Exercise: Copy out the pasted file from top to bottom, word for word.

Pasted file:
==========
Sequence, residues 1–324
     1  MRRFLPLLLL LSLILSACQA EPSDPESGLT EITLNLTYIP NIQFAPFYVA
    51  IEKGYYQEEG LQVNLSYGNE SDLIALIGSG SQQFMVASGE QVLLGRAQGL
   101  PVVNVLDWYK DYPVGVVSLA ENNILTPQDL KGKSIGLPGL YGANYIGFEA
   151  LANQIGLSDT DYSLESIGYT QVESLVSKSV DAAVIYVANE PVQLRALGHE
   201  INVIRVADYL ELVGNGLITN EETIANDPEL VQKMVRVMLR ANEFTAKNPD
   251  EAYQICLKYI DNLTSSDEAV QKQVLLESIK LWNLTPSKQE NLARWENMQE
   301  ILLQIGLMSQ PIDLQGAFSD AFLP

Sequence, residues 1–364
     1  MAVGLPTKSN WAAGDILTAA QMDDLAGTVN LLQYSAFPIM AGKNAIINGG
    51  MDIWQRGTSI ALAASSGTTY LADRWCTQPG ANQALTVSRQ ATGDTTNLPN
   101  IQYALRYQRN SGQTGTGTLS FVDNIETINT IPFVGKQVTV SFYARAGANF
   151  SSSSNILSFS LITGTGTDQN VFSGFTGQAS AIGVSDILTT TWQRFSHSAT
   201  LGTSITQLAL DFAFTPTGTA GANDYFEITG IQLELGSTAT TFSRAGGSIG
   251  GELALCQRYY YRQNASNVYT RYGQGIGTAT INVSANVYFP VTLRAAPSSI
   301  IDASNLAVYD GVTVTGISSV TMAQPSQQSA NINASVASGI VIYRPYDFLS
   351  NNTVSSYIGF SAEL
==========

Sequence, residues 1–324
     1  MRRFLPLLLL LSLILSACQA EPSDPESGLT EITLNLTYIP NIQFAPFYVA
    51  IEKGYYQEEG LQVNLSYGNE SDLIALIGSG SQQFMVASGE QVLLGRAQGL
   101  PVVNVLDWYK DYPVGVVSLA ENNILTPQDL KGKSIGLPGL YGANYIGFEA
   151  LANQIGLSDT DYSLESIGYT QVESLVSKSV DAAVIYVANE PVQLRALGHE
   201  INVIRVADYL ELVGNGLITN EETIANDPEL VQKMVRVMLR ANEFTAKNPD
   251  EAYQICLKYI DNLTSSDEAV QKQVLLESIK LWNLTPSKQE NLARWENMQE
   301  ILLQIGLMSQ PIDLQGAFSD AFLP

Sequence, residues 1–364
     1  MAVGLPTKSN WAAGDILTAA QMDDLAGTVN LLQYSAFPIM AGKNAIINGG
    51  MDIWQRGTSI ALAASSGTTY LADRWCTQPG ANQALTVSRQ ATGDTTNLPN
   101  IQYALRYQRN SGQTGTGTLS FVDNIETINT IPFVGKQVTV SFYARAGANF
   151  SSSSNILSFS LITGTGTDQN VFSGFTGQAS AIGVSDILTT TWQRFSHSAT
   201  LGTSITQLAL DFAFTPTGTA GANDYFEITG IQLELGSTAT TFSRAGGSIG
   251  GELALCQRYY YRQNASNVYT RYGQGIGTAT INVSANVYFP VTLRAAPSSI
   301  IDASNLAVYD GVTVTGISSV TMAQPSQQSA NINASVASGI VIYRPYDFLS
   351  NNTVSSYIGF SAEL